The event’s lineup speaks volumes. Already an accomplished musician at the young age of 24, guitarist Eric Krasno possesses a deep arsenal of musical styles. Citing influences as diverse as George Benson and Stevie Ray Vaughn, Krasno successfully unites traditional jazz playing with elements of R&B, soul and hip-hop. A founding member of Soulive, Eric carries the torch of vital guitarists past as the next great soul groove player. Joined by his Soulive foil Neal Evans at this event, the two soloists lay down funky leads that have stunned audiences nationwide. Neal, this generation’s answer to Jimmy Smith, studied with Jacki Byard and has practically reinvented the Hammond B-3 organ. Giving the instrument its first real innovations since the heyday of jazz organ trios in the late 1950’s and ‘60’s, Neal’s left hand is one of the baddest bass players on the scene, while his right hand screams riot-inciting melodic lines. His energy and charisma make him a natural performer – but it is his playing that inspires a generation of young players to dust off those old Blue Note records and spend countless hours on E-Bay trying to track down a vintage Hammond.
Oteil Burbridge, a founding member of noted jam/groove outfit Aquarium Rescue Unit, assumed the role of bassist for the Allman Brothers Band in 1997. A superior player, Burbridge’s tremendous chops made the transition an easy one, and left the Brothers with the solid bottom end that they had come to rely on from such legends as Allan Woody and Barry Oakley. Finally, two up and coming young artists augment the aforementioned trio. Providing the backbone for Boston funksters The Squad, drummer Charles Haynes and alto saxophone player Sam Kinninger are rapidly attracting national attention. Both are monstrous players, capable of raising on stage energy to the boiling point. Haynes began his professional career at the age of 17, bringing his explosive drumming and soulful vocals on the road as a member of legendary Cuban trumpeter Arturo Sandoval’s touring band. Kinninger appears on two Soulive Albums, Turn It Out and their Blue Note debut, Doin’ Something. A part time member of Soulive, Kinninger has also played with Dave Matthews Band on their recent tour. With this lineup, plus the potential for other amazing guests, attendees are sure to walk out of Tribeca Blues more than satisfied.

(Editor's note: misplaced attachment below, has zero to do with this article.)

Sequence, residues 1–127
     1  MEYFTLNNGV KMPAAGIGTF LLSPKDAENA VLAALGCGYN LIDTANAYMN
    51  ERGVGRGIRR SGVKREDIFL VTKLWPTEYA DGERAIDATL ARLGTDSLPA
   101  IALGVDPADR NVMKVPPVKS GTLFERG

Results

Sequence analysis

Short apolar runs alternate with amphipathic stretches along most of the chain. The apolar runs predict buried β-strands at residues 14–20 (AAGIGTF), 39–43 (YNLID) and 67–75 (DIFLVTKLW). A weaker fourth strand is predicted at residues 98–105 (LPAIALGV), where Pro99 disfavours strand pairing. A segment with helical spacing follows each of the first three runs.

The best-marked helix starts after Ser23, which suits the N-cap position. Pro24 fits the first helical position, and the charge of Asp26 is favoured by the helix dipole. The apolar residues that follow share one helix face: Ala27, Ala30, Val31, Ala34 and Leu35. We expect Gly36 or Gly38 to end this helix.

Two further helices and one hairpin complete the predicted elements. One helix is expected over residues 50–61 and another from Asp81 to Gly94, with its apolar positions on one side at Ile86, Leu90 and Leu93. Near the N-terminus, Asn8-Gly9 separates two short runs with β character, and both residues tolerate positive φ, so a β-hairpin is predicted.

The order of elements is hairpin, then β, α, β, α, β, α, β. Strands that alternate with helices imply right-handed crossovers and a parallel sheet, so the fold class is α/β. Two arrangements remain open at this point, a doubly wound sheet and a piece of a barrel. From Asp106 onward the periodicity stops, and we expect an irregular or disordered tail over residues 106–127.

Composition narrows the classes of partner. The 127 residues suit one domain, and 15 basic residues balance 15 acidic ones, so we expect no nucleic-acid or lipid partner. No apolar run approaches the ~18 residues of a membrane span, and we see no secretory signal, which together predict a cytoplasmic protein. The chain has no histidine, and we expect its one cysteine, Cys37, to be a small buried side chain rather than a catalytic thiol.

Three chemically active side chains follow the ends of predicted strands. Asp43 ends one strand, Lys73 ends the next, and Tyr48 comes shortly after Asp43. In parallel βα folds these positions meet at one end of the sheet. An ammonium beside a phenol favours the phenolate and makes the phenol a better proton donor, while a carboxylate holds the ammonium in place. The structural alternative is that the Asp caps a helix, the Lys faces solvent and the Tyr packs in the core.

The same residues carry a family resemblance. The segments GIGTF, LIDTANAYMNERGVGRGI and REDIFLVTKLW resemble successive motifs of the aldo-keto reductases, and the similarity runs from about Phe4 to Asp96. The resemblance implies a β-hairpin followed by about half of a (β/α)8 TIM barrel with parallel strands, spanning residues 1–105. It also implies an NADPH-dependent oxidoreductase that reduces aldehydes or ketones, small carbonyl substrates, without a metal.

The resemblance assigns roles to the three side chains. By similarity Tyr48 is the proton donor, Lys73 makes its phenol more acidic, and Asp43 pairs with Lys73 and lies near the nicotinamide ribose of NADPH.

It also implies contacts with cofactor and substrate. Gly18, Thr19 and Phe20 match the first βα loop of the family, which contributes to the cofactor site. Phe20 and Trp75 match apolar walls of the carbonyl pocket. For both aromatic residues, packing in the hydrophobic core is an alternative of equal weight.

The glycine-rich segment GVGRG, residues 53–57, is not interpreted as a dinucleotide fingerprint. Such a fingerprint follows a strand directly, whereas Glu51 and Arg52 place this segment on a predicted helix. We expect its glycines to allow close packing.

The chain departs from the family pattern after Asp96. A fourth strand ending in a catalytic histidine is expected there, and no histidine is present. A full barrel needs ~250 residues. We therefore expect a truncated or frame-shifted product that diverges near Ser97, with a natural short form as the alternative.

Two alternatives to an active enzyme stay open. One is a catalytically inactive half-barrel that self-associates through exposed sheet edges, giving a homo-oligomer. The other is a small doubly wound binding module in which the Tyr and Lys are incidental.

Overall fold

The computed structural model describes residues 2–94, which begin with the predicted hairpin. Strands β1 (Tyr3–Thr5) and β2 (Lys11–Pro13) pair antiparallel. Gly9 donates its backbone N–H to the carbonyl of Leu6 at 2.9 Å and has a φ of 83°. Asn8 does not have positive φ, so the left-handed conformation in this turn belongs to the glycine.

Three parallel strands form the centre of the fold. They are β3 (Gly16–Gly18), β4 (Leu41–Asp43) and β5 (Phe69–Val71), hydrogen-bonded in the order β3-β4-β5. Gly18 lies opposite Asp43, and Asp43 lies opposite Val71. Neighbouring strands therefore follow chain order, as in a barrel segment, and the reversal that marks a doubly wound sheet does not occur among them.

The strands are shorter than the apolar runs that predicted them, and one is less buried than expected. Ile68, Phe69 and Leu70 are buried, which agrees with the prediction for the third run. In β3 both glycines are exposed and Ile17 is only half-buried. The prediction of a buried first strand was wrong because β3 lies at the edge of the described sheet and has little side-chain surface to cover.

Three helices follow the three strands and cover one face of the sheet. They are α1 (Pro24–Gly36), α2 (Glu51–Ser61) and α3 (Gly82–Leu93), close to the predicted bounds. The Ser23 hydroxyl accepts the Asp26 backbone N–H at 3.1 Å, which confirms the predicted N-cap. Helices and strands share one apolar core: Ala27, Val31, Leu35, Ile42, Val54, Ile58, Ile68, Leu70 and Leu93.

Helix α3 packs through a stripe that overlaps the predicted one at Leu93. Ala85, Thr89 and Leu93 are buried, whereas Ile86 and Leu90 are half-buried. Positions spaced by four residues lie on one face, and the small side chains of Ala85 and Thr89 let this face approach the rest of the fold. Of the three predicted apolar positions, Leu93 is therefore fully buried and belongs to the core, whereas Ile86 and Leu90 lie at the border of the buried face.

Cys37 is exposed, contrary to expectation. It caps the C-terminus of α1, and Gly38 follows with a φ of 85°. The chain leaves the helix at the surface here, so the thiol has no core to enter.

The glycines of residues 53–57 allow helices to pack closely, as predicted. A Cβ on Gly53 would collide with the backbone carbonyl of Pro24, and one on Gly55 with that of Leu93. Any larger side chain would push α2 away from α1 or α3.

The show, a benefit for Action Against Hunger, occurs at Tribeca Blues, 16 Warren Street in New York, NY on Monday, June 18, 2001. Doors open at 7:00 p.m., and the band takes the stage at 8:00 p.m. Tickets are $20, available by emailing firstname.lastname@example.org with your name, email, phone, and number of tickets desired. Reservations will be held at the door. For more information, call (212) 766-8040, or check out www.velourmusic.com/events.html or www.grooveagainsthunger.org.